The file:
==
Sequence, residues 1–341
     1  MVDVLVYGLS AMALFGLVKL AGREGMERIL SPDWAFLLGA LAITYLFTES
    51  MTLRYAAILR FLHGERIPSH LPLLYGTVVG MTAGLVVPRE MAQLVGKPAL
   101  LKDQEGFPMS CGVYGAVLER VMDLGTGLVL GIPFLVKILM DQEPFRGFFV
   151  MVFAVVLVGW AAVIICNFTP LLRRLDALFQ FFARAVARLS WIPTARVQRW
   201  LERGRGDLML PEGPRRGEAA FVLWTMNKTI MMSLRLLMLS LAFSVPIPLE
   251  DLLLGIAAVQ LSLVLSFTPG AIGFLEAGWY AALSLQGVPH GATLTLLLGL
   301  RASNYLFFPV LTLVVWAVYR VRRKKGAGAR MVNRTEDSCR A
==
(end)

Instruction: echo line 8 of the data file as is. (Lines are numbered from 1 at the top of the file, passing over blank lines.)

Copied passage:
   301  RASNYLFFPV LTLVVWAVYR VRRKKGAGAR MVNRTEDSCR A